Letters to the Editor

Viewpoint: Worth expense to find right hire

Wild applause for The Tribune’s editorial on the search for a new Cal Poly president, specifically their calling for the hiring of an executive search firm, an enterprise I hasten to add in which I have absolutely no vested interest (“Local and professional aid needed to hire Poly chief,” Feb. 21).

However, many years ago I was deputy director of the International City County Management Association and observed close-up the hiring and firing of dozens of urban chief executives.

Some have argued that hiring a firm would be a waste of a couple hundred thousand dollars. But hiring the wrong person can cost much more. Unless there is an escape clause that allows termination for cause (and there is in fact cause) a contract payoff can easily run a small fortune. And a termination for cause can result in a costly lawsuit, even if you prevail.

Spare no expense in hiring a president. Successful hiring is one of the biggest mysteries of organizational behavior with successful hiring of chief executives one of the biggest.

Professionals can take some of the mystery and much of the misinformation out of the process. First, they can help those responsible for making the final decision discover exactly what kind of person they are looking for. Everyone starts out wanting someone who walks on water, appeals to virtually every constituent group and has at least one Nobel Peace Prize and a couple Pulitzer prizes in their résumé. But a selection committee can misunderstand its own values. A firm can help probe, refine and prioritize the actual criteria, a critical part of the process.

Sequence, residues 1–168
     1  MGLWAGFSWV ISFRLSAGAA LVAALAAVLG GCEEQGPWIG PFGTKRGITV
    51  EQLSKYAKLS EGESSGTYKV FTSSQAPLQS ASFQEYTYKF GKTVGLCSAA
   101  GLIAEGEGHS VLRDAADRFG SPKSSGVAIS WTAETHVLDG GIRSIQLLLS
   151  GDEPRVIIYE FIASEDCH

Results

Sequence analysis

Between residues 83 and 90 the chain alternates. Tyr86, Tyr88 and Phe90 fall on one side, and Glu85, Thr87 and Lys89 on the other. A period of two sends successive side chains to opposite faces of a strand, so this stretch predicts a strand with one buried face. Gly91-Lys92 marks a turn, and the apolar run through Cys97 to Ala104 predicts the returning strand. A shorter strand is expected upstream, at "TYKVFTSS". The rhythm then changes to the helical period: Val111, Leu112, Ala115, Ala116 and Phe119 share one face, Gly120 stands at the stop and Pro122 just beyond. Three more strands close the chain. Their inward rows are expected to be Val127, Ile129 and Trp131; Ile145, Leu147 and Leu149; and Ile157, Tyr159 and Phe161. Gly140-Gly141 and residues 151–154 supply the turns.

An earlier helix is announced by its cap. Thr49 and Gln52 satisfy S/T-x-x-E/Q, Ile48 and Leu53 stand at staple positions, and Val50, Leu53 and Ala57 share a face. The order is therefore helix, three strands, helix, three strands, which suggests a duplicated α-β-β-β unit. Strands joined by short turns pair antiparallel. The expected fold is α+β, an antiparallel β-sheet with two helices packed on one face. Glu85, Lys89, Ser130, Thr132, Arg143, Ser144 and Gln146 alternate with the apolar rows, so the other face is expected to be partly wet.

Based on the criteria, a recruitment firm can advise on where to place and what to say in job vacancy notices. It’s not always obvious where the candidates are reading or how the language of a notice might be interpreted.

As important, search firms can ferret out the people who might be perfect for the job but who just simply aren’t interested in making a move or whose current situation prevents them from expressing an interest in applying.

Firms of professional recruiters also know how to do thorough background checks on people. It takes considerable experience, knowledge, skill and intuition bred from experience to do a thorough check. Unflattering or unpleasant things are easily hidden from amateur sleuths.

And then there is the organization of the interview process. Professional recruiters know that dazzling short interviews don’t always translate into dazzling job performance. So they can set up a process that helps truly reveal a personality in a number of different settings.

This is not to say the process coached by an executive search firm is guaranteed to succeed.

No such luck. Plenty of executive search counseled processes have resulted in failure. But employment of a firm dramatically increases the chances of success.

Cal Poly: Don’t be penny wise and pound foolish.

Larry Rutter is the former deputy director of the International City County Management Association.

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